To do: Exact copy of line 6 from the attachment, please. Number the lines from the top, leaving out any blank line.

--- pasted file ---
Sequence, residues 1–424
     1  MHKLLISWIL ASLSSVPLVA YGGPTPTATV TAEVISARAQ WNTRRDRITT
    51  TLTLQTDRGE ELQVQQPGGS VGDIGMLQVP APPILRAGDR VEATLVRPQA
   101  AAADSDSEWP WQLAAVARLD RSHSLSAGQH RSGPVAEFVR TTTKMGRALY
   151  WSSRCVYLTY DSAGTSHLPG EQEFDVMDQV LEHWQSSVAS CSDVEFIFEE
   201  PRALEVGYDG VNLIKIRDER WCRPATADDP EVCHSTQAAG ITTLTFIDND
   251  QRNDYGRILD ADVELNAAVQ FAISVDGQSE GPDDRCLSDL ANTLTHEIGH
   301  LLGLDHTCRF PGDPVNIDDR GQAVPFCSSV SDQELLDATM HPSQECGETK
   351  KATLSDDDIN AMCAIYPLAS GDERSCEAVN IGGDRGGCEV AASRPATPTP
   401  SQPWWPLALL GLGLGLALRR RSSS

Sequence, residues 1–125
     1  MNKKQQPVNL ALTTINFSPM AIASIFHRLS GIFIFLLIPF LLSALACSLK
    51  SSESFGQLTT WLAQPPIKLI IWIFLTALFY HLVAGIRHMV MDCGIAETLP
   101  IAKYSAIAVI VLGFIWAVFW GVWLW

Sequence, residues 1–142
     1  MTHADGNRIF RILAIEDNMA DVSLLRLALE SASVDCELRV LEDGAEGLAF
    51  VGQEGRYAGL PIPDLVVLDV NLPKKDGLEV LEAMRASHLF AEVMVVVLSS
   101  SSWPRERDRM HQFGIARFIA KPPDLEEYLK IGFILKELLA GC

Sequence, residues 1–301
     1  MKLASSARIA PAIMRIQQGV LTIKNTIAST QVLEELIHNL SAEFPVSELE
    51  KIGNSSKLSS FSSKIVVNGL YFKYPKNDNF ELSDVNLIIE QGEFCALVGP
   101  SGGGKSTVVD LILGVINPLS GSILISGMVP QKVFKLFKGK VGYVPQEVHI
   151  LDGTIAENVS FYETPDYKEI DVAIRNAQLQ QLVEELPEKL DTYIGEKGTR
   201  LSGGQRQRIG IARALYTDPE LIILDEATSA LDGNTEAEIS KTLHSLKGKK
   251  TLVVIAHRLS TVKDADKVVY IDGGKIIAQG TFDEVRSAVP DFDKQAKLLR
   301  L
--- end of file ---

   201  PRALEVGYDG VNLIKIRDER WCRPATADDP EVCHSTQAAG ITTLTFIDND